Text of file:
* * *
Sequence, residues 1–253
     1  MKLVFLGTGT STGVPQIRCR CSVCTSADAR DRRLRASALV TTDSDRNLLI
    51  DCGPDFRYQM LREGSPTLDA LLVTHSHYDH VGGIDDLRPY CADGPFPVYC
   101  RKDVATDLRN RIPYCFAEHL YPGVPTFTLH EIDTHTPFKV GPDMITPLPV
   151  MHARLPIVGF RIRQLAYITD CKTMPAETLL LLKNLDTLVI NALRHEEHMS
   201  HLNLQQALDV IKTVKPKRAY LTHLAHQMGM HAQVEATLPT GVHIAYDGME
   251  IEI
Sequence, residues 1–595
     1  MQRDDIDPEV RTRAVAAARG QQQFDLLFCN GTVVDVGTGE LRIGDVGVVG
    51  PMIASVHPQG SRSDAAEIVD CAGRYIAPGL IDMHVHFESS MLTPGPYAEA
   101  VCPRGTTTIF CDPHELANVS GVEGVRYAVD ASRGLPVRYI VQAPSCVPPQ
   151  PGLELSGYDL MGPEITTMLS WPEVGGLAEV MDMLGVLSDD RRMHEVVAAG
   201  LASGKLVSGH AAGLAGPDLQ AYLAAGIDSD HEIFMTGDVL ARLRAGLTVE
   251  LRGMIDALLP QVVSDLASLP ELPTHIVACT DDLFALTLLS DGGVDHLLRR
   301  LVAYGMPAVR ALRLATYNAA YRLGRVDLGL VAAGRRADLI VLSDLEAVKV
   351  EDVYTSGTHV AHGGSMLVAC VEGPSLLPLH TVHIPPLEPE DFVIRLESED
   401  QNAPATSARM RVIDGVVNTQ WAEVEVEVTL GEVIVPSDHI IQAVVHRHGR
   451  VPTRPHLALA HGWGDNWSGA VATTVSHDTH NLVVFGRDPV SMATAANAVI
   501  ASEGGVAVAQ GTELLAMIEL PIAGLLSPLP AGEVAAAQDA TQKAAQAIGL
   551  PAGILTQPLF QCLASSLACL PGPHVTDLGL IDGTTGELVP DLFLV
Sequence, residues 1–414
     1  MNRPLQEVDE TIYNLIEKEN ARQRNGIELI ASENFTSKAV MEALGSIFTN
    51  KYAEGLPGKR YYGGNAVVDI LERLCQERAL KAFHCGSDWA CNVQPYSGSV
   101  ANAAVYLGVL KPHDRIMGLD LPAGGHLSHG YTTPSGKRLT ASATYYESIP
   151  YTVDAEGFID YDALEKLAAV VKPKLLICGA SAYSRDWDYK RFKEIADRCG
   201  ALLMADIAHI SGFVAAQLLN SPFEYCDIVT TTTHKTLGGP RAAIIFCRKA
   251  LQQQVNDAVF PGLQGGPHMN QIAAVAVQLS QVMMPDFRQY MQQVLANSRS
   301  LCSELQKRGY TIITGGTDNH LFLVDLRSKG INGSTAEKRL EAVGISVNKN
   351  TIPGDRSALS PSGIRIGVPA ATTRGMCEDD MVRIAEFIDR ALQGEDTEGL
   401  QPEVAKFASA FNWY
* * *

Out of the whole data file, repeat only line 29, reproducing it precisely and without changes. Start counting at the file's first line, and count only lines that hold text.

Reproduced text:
   351  TIPGDRSALS PSGIRIGVPA ATTRGMCEDD MVRIAEFIDR ALQGEDTEGL